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7/29/2014 4:53:00 PM
Quinn says state EPA will block PCBs from landfill

CHICAGO (AP) — Toxic PCBs will not be stored in a central Illinois landfill sitting atop an aquifer that provides water to 750,000 people, Gov. Pat Quinn’s office announced Monday.

The Illinois Environmental Protection Agency agreed to bar PCBs from being dumped in the Clinton Landfill near Clinton after learning that local approval of the landfill in 2002 didn’t include PCBs. The agency initially signed off on a plan by landfill-owner Area Disposal in Peoria and a subsidiary to store the chemical.

“We are going to modify the (previously issued) permit, that will prevent the placing of PCBs in the Clinton landfill,” state EPA spokesman Dave Blanchette said.

PCBs, or polychlorinated biphenyls, are chemical compounds once used in industrial and commercial products such as oil-based paints and fluorescent light ballasts. They were outlawed in the United States in 1979, because they cause cancer and can damage human and animal immune, reproductive and nervous systems. But the chemicals remain in the environment at many industrial sites.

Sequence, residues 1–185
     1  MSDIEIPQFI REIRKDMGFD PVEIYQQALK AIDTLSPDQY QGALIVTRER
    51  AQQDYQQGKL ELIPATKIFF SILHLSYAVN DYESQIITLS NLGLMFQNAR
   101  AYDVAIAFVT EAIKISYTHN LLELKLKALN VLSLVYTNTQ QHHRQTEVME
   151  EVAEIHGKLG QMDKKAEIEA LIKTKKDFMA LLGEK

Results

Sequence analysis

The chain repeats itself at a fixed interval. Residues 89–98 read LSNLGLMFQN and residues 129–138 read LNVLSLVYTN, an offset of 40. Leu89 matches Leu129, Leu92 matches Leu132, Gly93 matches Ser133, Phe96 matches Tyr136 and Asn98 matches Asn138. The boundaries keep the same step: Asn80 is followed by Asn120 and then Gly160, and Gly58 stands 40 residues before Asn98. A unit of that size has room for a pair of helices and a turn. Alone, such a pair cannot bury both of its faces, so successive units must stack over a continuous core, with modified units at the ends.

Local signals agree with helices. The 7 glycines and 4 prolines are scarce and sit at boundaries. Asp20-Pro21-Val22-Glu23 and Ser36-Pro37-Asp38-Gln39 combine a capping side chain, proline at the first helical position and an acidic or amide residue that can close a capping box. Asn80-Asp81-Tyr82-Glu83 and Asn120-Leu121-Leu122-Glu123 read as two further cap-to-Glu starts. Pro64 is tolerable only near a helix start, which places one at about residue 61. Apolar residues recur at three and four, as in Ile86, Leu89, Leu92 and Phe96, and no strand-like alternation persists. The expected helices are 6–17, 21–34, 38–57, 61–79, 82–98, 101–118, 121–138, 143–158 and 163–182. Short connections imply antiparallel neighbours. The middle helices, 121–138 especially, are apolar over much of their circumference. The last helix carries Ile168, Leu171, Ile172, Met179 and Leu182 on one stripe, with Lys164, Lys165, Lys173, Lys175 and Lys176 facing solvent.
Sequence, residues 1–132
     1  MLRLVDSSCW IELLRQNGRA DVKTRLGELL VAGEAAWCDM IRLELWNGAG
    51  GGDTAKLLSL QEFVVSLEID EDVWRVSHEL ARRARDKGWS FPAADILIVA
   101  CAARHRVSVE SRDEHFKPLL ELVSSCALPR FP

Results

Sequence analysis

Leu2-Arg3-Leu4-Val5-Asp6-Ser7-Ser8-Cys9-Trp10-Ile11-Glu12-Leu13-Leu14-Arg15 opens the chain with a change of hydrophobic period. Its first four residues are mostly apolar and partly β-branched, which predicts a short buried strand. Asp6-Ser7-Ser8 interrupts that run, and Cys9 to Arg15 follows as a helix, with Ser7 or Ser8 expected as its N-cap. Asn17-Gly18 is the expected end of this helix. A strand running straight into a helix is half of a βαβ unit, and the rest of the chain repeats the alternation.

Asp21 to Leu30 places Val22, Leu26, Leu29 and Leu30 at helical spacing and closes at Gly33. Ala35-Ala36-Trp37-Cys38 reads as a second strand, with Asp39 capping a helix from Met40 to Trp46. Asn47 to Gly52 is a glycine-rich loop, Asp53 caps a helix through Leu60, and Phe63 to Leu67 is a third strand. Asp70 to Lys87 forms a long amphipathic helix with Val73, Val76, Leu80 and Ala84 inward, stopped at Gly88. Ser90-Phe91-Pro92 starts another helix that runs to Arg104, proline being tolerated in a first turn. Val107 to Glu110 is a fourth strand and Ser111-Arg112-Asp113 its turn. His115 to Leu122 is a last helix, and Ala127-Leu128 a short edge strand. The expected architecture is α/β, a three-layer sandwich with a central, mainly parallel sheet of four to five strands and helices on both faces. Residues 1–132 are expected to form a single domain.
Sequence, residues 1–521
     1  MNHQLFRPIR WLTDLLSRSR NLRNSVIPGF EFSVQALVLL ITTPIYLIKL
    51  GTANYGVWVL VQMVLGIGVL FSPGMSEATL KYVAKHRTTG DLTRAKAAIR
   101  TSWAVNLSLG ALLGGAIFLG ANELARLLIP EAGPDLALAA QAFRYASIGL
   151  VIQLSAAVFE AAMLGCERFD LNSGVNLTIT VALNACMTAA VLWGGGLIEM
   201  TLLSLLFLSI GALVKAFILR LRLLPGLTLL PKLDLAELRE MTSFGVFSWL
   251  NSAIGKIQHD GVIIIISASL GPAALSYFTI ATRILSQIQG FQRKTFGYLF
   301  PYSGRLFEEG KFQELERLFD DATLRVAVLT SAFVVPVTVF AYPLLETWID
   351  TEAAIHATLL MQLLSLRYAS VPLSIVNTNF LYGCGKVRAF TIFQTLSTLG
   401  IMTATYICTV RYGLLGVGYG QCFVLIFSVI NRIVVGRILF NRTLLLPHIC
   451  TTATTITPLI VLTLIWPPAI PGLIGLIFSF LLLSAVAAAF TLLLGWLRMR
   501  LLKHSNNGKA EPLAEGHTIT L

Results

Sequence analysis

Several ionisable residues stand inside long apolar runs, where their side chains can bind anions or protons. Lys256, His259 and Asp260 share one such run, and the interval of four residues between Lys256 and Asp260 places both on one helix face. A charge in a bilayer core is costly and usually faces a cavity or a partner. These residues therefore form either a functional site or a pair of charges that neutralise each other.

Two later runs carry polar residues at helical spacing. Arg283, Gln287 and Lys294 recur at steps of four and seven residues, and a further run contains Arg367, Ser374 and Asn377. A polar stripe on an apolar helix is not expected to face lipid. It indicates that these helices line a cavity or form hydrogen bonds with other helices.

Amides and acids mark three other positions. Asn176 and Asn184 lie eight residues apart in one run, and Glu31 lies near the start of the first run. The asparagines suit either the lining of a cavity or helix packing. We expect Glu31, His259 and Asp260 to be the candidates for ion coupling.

According to state officials, the Mahomet Aquifer, which includes river basins and surface waters, supplies water to portions of more than a dozen counties: Cass, Champaign, DeWitt, Ford, Iroquois, Logan, Macon, Mason, McLean, Menard, Peoria, Piatt, Tazewell, Vermilion and Woodford.

Many towns that sit over the Mahomet aquifer fear the groundwater could be contaminated by PCBs.

State officials say Illinois law allows the state EPA to modify a landfill permit when it is determined a decision was made using false or misleading information. Officials say the agency was informed last week that the DeWitt County Board contends it “did not authorize the disposal of TSCA-regulated PCBs in its Sept. 12, 2002 siting approval.”

Landfill owner Area Disposal in Peoria planned to store PBC-contaminated soil dredged out of Great Lakes harbors and places like the Fox River in Wisconsin.

Telephone calls to a company spokesman and to an attorney for the company were not immediately returned.


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